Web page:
Speaking of readers' reaction to the Limes' candidacy, I will quote the following from former Highland County Prosecutor Jim Grandey.
On Aug. 4, Jim posted this at www.highlandcountypress.com:
"The Hillsboro election doesn't mean anything to me, but it would seem that if you were going to support someone for public office you would be willing to use your name rather than a made-up name to indicate that support. Surely, you aren't that ashamed of your support for a candidate that you are afraid to use your real name. Step up to the plate and let us know who you are."
My reply follows:
"Jim, maybe in a perfect world, all those making comments would identify themselves. However, the same rules of propriety apply for having comments posted on our site (although we do give some additional leniency to those who do identify themselves).
"For the record, we have anonymous posts by elected and appointed state, county and local officials. (I trust they have their reasons for anonymity.) We also have anonymous posts by senior citizens who live alone and, perhaps, fear some sort of retribution or adverse action, as described in the federal whistleblowers' protection laws. See: http://www.whistleblowers.gov/. Even something as seemingly innocuous as supporting a particular candidacy can have personal repercussions."
The next online comment was from an uptown business owner who did identify herself.
"I support Pam Limes wholeheartedly," she said. "However, I can say with certainty I know some that have been threatened. I know business owners that can't afford to lose business. I completely understand why some are afraid to use their own names publicly."
My personal preference would be similar to Mr. Grandey's: All writers identify themselves. But after years of professional consideration as to the pros and cons of permitting anonymous comments, I believe the potential for the greater public good through the sharing of ideas and information far outweighs the concerns of often necessary anonymity.
Besides, the easiest solution for the critics of anonymous comments is this: Don't read them.
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• This past weekend, a great newspaperman in Crystal River, Fla. published his weekly column below the Op/Ed headline of "Ten eternal truths about political candidates."
Gerry Mulligan has been publisher of The Citrus County Chronicle for many years now. I try, periodically, to read Gerry's columns.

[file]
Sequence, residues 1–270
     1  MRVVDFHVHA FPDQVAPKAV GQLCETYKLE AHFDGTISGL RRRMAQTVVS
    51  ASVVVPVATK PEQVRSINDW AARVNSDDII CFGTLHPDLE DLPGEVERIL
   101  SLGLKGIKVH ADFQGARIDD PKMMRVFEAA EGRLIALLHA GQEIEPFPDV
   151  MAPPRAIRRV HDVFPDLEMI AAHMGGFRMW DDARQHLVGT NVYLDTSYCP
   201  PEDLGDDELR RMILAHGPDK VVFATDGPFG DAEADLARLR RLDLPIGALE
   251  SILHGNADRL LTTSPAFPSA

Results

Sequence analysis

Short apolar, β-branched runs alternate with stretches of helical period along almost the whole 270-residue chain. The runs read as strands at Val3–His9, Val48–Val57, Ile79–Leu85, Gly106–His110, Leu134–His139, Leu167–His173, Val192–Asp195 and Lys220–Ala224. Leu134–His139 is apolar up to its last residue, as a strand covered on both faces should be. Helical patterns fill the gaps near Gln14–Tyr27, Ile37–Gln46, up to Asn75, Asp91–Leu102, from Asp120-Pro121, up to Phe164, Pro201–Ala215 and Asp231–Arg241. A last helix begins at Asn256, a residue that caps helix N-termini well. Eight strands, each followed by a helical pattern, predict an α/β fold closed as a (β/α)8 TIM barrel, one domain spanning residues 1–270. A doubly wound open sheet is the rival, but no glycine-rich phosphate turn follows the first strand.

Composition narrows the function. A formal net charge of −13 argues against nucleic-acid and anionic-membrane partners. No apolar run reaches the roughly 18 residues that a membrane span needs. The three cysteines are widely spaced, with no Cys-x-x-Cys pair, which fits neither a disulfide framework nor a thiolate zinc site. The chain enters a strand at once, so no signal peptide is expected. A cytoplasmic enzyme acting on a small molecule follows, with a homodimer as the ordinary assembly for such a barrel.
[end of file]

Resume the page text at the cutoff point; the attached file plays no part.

I do this for three reasons:
1. He's a gifted writer.
2. I like to keep up on the industry trends in Florida, which likely sells more newspapers per capita than any other state.
3. I might "pilfer" a sentence or two from him. (Always with attribution, of course.)
By the way, if you think local politics can be heated, you really ought to read Gerry's last two or three columns about the hostilities in Florida's Nature Coast politics. Not all, but most of us here are pretty congenial, by comparison.
Here are a few of this week's gems, courtesy of Gerry Mulligan.
This is the silly season in Citrus County. We are getting ready to have an election, and every election season people say and do really dumb things because they are betting that you — the voter — aren’t smart enough to figure it out.
After covering politics in Florida for the past four decades, here are a few truisms I’ve learned along the way.
1. A political lie is still a lie.
2. There are winners and losers in politics and in life. It may not always seem fair, but no one ever promised you that everything was going to be fair.
3. The person who keeps telling you they are the smartest usually isn’t.
4. The politician who spends the most time pounding his chest and telling you that he “never tells a lie” usually has the longest list of mistruths — starting with that one.
5. When a candidate’s supporters say nasty and awful things about an opponent, and the candidate does not completely disown the comments and apologize, that candidate is equally responsible for the attacks. Or just plain weak.
Thanks, Gerry. Voters in Ohio can learn just as much from your insightful observations as our friends in Crystal River and Lecanto.
Rory Ryan is publisher and owner of The Highland County Press.